Newspapers are dying, magazines are closing and more journalists are finding themselves without paying gigs every day. Everyone is wondering: what does the future hold for the media? We brought the questions to the front lines, asking leaders in the field to tell us: what’s next?
As publisher of epicurean magazine Saveur for the past 18 months, Merri Lee Kingsly has seen impressive growth in the pub’s ad sales. Earlier this month, Kingsly announced that Saveur‘s June/July issue was the largest in the publication’s 15-year history with 22 percent more ad pages and 14 new advertisers compared to last year. And the Ellie-winning magazine is preparing to get even more visibility (and, hopefully, ads), thanks to editor-in-chief James Oseland’s cameo on Bravo’s “Top Chef Masters” and a new Web site set to launch later this summer. We asked Kingsly about her successes so far and what makes Saveur different from all the rest.
FishbowlNY: As other magazines struggle, Saveur‘s recent June/July issue has 22 percent more ads than last year. Why do you think you have been so successful?
Merri Lee Kingsly: We are true to our mission. Everything we do is very much about the tradition and heritage of food. We’ve never been about the hottest restaurants and the hottest chefs and the new places to go, and I think that is the key to our success. When you look at the whole competitive set, which has forever been about the hottest restaurants and the hottest chefs, they’ve really followed the weak economy. They are only talking about how people are huddled in their kitchens making stews for the weekend. These are magazines that forever talked about going out and eating and traveling and they have changed their tune in such a drastic angle that they’ve not only confused the reader but they’ve chased the advertiser away. They have abandoned their luxury market. We haven’t. We haven’t changed the formula; we’ve been doing the same thing for 15 years.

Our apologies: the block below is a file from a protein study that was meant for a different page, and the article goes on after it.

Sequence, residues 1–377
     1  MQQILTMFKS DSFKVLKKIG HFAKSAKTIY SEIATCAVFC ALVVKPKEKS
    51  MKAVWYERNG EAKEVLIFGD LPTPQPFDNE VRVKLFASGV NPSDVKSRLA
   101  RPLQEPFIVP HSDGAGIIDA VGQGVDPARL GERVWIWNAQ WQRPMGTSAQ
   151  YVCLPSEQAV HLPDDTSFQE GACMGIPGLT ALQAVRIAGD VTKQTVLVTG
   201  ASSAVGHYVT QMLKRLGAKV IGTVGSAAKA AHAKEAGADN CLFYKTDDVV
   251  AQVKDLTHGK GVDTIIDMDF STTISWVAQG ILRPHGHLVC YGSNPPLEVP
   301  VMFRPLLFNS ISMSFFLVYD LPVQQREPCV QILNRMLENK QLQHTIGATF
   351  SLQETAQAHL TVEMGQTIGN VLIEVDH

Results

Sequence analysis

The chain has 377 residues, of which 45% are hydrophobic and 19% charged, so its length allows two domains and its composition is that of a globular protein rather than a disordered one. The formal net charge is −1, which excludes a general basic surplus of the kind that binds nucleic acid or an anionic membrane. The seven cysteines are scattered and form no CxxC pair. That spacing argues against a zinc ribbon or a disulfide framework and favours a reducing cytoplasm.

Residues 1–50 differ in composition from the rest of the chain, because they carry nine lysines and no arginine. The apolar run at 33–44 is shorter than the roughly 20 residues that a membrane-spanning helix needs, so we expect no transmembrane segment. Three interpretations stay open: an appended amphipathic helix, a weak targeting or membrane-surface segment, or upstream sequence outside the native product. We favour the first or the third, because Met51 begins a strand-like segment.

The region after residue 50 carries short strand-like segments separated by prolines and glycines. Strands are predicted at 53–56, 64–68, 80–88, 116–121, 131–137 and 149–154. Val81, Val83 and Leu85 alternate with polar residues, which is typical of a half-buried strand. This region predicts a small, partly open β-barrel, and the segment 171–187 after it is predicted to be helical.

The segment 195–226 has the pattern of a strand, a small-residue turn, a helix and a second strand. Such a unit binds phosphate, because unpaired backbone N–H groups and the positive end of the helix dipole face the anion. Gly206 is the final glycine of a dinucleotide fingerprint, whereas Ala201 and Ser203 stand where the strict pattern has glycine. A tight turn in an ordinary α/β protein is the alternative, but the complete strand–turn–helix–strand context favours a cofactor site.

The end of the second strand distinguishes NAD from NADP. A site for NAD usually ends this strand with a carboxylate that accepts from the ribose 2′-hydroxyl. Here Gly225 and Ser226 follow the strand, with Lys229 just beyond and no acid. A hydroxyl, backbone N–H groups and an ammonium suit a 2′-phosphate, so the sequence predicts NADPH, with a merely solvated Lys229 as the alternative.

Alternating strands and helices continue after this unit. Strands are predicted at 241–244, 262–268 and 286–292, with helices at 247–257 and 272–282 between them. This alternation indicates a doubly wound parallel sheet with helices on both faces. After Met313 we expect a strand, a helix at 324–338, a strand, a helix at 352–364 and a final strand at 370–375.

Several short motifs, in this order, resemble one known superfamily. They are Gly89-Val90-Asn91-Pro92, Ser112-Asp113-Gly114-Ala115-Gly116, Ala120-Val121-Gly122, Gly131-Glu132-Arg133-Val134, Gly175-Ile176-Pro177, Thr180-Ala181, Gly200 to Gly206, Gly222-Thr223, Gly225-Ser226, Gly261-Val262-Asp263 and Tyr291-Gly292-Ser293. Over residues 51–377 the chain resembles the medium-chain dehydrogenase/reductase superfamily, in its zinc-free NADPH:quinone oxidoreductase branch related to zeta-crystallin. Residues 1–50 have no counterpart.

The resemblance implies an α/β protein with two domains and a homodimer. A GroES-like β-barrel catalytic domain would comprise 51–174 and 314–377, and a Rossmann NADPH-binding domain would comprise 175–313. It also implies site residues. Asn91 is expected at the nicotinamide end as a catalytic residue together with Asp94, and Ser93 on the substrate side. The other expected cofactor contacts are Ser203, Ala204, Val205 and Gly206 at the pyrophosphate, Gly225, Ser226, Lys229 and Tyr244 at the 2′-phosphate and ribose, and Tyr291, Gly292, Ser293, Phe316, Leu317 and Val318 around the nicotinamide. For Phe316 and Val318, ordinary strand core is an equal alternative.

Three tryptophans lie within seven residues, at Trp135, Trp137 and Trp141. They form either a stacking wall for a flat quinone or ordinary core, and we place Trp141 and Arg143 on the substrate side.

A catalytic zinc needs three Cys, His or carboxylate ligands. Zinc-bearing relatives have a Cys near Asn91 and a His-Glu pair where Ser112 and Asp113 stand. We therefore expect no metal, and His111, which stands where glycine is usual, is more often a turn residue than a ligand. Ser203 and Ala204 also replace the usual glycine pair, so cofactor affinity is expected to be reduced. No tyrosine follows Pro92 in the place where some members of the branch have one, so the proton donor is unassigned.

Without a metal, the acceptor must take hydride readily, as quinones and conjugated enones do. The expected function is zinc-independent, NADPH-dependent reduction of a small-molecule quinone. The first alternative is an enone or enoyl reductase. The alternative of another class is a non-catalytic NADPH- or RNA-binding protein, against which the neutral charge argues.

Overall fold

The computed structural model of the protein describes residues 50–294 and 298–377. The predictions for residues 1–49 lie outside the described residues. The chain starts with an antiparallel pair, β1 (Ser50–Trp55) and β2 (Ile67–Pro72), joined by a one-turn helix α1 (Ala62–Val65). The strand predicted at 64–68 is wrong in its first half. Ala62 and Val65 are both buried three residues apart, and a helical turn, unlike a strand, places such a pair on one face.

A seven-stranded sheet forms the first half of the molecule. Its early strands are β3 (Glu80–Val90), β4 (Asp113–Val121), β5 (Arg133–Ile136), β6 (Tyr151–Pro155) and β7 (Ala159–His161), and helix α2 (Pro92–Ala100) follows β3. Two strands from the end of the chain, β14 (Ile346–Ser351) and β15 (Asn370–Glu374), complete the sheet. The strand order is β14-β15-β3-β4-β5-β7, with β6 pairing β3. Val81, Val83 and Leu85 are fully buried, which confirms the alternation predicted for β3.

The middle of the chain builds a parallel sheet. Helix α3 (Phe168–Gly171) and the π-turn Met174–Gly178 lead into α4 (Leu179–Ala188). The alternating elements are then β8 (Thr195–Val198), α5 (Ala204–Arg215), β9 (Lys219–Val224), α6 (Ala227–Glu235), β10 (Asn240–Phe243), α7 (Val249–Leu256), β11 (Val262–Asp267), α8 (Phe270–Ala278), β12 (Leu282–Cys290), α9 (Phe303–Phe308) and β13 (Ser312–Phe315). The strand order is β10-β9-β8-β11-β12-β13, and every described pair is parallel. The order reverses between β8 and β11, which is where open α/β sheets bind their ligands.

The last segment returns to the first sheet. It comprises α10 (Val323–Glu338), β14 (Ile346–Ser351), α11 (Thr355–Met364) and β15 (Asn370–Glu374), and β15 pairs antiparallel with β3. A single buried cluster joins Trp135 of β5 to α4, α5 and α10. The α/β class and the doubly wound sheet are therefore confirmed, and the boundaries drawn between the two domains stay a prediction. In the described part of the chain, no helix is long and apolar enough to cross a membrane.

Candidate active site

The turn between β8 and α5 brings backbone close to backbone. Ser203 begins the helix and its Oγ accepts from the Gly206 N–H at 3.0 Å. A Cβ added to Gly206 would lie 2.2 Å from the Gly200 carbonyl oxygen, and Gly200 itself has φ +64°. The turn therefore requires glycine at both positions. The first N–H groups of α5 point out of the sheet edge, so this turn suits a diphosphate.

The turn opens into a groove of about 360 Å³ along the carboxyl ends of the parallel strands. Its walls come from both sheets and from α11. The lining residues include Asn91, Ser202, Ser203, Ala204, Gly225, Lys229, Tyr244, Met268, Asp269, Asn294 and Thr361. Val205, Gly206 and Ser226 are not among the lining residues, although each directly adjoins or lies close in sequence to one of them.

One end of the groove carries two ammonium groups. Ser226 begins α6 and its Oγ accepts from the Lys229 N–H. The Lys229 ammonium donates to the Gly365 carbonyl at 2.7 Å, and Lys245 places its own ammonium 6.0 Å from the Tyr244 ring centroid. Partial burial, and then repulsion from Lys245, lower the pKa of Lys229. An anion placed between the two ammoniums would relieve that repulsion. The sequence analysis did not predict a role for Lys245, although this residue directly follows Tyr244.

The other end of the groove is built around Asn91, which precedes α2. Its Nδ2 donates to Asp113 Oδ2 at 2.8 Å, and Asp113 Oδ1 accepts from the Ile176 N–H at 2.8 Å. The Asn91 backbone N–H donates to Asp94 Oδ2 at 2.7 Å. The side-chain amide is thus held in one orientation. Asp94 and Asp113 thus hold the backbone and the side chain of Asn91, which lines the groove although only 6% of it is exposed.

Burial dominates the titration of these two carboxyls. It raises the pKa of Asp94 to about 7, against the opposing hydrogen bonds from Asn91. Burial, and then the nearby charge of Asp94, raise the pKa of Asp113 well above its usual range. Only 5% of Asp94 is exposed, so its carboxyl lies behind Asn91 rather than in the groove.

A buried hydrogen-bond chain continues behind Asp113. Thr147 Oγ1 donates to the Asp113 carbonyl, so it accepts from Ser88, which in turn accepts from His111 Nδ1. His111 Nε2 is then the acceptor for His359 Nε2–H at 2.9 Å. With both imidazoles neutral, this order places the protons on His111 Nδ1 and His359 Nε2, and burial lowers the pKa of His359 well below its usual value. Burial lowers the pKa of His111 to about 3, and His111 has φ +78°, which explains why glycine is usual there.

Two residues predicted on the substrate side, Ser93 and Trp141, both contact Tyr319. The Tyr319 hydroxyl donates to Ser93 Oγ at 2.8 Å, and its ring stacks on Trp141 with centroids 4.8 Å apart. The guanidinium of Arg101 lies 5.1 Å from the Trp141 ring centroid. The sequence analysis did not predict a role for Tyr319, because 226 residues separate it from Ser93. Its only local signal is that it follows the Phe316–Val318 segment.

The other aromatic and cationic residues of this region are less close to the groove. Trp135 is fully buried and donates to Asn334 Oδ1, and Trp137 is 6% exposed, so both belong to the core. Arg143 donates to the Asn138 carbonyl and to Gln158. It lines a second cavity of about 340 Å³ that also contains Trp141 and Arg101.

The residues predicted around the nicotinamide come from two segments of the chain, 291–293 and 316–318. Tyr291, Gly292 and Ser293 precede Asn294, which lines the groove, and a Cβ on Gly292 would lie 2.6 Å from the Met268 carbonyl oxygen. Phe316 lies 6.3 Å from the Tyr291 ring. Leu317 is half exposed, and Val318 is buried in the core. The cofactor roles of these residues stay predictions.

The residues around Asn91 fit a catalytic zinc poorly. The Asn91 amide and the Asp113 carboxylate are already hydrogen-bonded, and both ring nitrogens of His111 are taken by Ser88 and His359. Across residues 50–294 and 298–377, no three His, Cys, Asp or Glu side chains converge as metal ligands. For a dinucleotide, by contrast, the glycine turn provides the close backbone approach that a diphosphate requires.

FBNY: The luxury market is suffering because of the recession, but you deal with a lot of luxury advertisers. Do your readers really want to see luxury ads?
MLK: Obviously [the luxury consumer] has cut back, but they still do things differently. If you’ve always stayed at the Four Seasons, you don’t go stay at a Motel 6. People don’t drastically change their behavior. Our competitors think they do. I don’t believe that there are pattern changes. Maybe the amount you travel changes, maybe what you’re looking for from a trip changes — maybe you’re looking for an experience now as opposed to lying on the beach in Phuket. Now people want to talk about the experience because they want to feel like they did something.
FBNY: How does your approach to ad sales differ from your competitors?
MLK: I have built a team of marketers and not a team of sales people. We are so small; my entire team could fit into one marketing department of one of our competitors. This is not a political place. My sales people don’t spend their energy sucking up to me. They are expected to take care of their clients. I think that we just approach our business differently. Every sales call has to feel consultative. No client should be made to feel that theyâ€™re being pinched. If you go in with a consultative attitude, being able to talk about a multitude of ideas, then you’ve really done your job as a marketer for this magazine.
FBNY: What projects do you have planned for the rest of the year?
MLK: We’re relaunching our Web site in August and adding an aggregator as part of the site. We’ll be the only food magazine Web site with an aggregator because it’s more about the user at Saveur. Not having a narcissistic approach to everything we do is really important to us. I really think it’s just trying to have a team that is continually happy and driven by the adrenaline rush of what they do every day at work. If they are motivated then they can go out and help our clients do whatever they want as an epicurean partner.
Earlier: Saveur Ad Pages Continue To Rise